When you think of NoDa, what’s the first thing that comes to mind? We have art, music, coffee, breweries, restaurants, and retail. I doubt that you thought about animals … especially WILD animals. But I want to share a few stories about everyday life in the 28206 section of NoDa—the other side of the tracks.
Over here, we co-exist with a wide array of wild animals. The most notable creature stalking our side of the tracks is the species Canis latrans, better known as the coyote.
According to an article on MeckNC.Gov, coyotes are native to the Western U.S., but in the past few decades have become more common throughout the state of North Carolina, even in urban areas. The eastward expansion of coyotes is due primarily to human-induced factors, including the elimination of native red wolves (a coyote competitor) and the clearing of eastern forests for agriculture and other uses. Coyotes were first seen in NC in 1938, but in the 1980s and 1990s, coyotes established themselves throughout the state.
My wife Pam and I have had a few random encounters with coyotes in the neighborhood. Almost all occurred at dusk or after dark (coyotes are generally nocturnal). Walking back from the center of NoDa one evening, we saw a coyote emerge from the brush at the other side of Sugar Creek, saunter jauntily across 36th Street and disappear into the creek bank on the other side.
Another time, driving down 36th Street toward Tryon, we saw what appeared to be a stray dog walking slowly at that same corner as earlier, so we waited to see if its owner was coming. On closer inspection, we noted its pointed ears, longer legs, distinctive mottled coloring, and long bushy tail. We had witnessed our second coyote not a block from our house.
Finally, there have been several evenings when we heard the unmistakable yipping and plaintive wailing of a pack of coyotes. While most coyote sightings and vocalization in the neighborhood occur at night, a social media post yesterday reminded us all that coyotes can be active during daylight hours as well.
Neighbor Jeremy Walker posted the following on a neighborhood social media site around 10 am one day: “Think I just saw a coyote scream by my house on Suddreth and turn left onto Benard. It was flying, so I didn’t get a great look.”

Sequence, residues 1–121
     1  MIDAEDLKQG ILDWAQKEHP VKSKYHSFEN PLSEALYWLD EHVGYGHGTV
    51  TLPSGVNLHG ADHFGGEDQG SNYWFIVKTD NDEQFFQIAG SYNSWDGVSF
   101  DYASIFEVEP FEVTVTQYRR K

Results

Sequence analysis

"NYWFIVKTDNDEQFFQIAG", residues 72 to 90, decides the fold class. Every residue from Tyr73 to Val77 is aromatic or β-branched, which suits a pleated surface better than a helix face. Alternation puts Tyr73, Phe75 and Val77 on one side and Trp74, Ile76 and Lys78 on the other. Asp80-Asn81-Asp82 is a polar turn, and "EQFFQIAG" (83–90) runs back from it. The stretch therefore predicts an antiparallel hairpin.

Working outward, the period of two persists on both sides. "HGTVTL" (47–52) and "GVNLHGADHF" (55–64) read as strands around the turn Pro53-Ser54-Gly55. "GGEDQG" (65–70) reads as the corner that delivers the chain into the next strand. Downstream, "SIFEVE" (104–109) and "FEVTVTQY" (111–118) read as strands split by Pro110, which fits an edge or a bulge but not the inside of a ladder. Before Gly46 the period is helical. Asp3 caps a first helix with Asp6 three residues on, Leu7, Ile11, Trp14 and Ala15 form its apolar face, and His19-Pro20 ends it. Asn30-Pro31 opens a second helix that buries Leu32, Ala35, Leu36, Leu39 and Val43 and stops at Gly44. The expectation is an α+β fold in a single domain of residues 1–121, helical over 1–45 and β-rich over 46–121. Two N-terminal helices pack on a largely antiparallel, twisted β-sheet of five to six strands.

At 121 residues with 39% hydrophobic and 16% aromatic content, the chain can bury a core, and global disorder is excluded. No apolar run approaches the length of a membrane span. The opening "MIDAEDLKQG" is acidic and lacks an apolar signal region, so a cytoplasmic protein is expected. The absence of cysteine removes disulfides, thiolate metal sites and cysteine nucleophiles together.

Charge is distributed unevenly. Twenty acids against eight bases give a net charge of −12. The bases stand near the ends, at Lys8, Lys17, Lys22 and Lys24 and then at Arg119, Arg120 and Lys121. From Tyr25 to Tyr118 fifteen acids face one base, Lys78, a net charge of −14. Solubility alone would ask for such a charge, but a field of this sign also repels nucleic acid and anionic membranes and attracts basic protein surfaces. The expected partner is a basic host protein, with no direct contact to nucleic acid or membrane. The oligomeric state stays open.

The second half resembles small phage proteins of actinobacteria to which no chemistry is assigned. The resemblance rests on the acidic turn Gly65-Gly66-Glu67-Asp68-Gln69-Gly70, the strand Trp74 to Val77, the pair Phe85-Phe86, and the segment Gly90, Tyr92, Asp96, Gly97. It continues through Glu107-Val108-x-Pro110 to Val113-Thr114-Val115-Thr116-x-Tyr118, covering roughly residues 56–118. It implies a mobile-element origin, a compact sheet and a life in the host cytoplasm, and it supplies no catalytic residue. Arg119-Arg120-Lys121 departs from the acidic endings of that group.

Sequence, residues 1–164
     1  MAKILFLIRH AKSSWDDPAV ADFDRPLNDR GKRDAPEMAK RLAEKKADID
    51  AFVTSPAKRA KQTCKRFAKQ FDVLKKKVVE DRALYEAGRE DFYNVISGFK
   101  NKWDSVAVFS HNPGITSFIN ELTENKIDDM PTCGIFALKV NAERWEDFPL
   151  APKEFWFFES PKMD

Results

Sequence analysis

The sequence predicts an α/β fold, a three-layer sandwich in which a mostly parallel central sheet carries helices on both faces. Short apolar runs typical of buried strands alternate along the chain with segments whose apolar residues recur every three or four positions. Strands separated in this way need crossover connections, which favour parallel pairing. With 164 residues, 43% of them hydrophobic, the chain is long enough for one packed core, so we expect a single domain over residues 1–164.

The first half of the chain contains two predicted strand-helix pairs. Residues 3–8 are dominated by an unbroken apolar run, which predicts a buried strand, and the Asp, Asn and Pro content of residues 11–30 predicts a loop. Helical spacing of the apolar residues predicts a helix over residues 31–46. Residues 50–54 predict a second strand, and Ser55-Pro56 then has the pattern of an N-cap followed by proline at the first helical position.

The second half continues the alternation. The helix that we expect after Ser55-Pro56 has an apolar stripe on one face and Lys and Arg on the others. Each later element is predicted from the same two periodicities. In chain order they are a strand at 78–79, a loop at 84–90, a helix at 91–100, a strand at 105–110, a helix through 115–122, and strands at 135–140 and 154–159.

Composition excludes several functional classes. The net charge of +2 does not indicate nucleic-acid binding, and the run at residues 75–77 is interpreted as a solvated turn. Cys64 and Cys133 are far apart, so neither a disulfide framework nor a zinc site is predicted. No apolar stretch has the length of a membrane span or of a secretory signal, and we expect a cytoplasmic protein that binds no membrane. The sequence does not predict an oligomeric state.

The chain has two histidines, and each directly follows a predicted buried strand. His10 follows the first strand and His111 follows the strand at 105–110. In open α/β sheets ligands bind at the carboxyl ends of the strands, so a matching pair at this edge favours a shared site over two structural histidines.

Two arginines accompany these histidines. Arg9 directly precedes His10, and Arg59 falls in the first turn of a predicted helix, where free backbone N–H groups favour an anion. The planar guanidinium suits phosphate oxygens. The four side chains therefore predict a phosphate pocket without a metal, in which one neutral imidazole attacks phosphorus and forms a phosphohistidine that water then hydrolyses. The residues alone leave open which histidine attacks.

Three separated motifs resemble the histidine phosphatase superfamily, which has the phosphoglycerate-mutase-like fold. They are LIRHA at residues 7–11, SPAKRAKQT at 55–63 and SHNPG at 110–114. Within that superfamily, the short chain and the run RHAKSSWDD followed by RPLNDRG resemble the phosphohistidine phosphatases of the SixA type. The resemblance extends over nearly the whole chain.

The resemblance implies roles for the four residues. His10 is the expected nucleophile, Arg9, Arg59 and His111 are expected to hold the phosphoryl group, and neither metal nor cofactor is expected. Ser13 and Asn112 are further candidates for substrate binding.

Jeremy’s post got me thinking about how many other neighbors had experienced coyote and other animal encounters. In short order, the stories came pouring out:
Jeremy Walker: “Sure, I was sitting at my desk and saw something out of the corner of my eye. By the time I turned to look, it was almost to Benard then bolted left. It fit the size, weight, color, and shape of a coyote and was running full speed. I guess it had come across Tryon. I’ve seen them a few times crossing 36th at Sugar Creek and also saw one at Anderson across the street and a little up from Bold Missy across those tracks. It squeezed under the fence where that industrial building is and took off.”
Jeremy continued: “One of the craziest things I’ve ever heard was camping in Joshua Tree. A pack of them roamed by the campsite before dawn. They weren’t howling but sounded like a coven of cackling witches. Really spooky but beautiful sound.”
Brian Suddreth: “I’ve heard that same thing in my backyard in NoDa.”
Chris Long: “The packs definitely move up and down Sugar Creek. I’ve heard the howls and yelps in my backyard over the past few weeks when they hear sirens. I’ve seen one curious pup watching me cut grass, and another time, I watched a coyote stalking a deer.”
Jennifer Laracy: ”Last Saturday night, a train sounded its lonesome horn. Nearby, coyotes began to yip and howl. The domesticated dogs in the neighborhood answered the primal call and began to howl in unison.”
Ben Levite: “I had some trees in the back of my property on Ritch that had been cut down. The tree cutters came back to remove tree pieces and saw a nest of baby foxes. Animal control came and took the babies away. After everything was cleaned up, I saw the mother fox smelling around where the trees used to be. Very sad‘.
Sean Mullin: “The coyote sightings definitely increased up and down the tracks once [BLR] work began. Dens were disturbed. I’ve seen them cross 36th and at the junction of Ritch and Benard Avenues. As they got more displaced and started touring the hoods, they got bolder and less skittery. One night on the screened porch, I heard a pack yip up and down the tracks, clearly hunting. The energy of the yips picked up as they got closer to the prey … then came to a screeching halt. Then the howling began. There is absolutely a great barred owl or two that live in our ‘hood, late summer into fall. One lives in a tree near the corner of 36th and Ritch and one that migrates along Benard.”
Chris Long: “Oh yeah, Sean, sometimes they’re in my backyard and their screeches and calls are a bit terrifying! But cool at the same time. I’ve been surprised multiple times at night walking out on my back deck, coming face to face with an owl on my railing. Cool and scary.”
Patrick Wadden: “Erin saw a coyote at the intersection of 36th and Tryon about the same time. It seemed to go into the trees around the sheriff’s compound. We also have loads of rabbits, so there’s no shortage of food for coyotes or birds of prey.”
Gustavo Raino: “We’ve had our share of backyard wildlife encounters. I love especially the fellow guarding my grill: a beefy hawk. The hawk looks a bit menacing but not that much when I caught him on video being chased away furiously, by Dad and Mom Crow defending their nest.”
Many of us in the 28206 have animal stories to share, due to our proximity to Sugar Creek and the surrounding thick woods. While we love swapping these stories, there is no animal that fascinates us quite like the coyotes. They remind us that we are newcomers to a landscape that not long ago was the little disturbed habitat of a plethora of wild creatures. We’re visitors in their domain.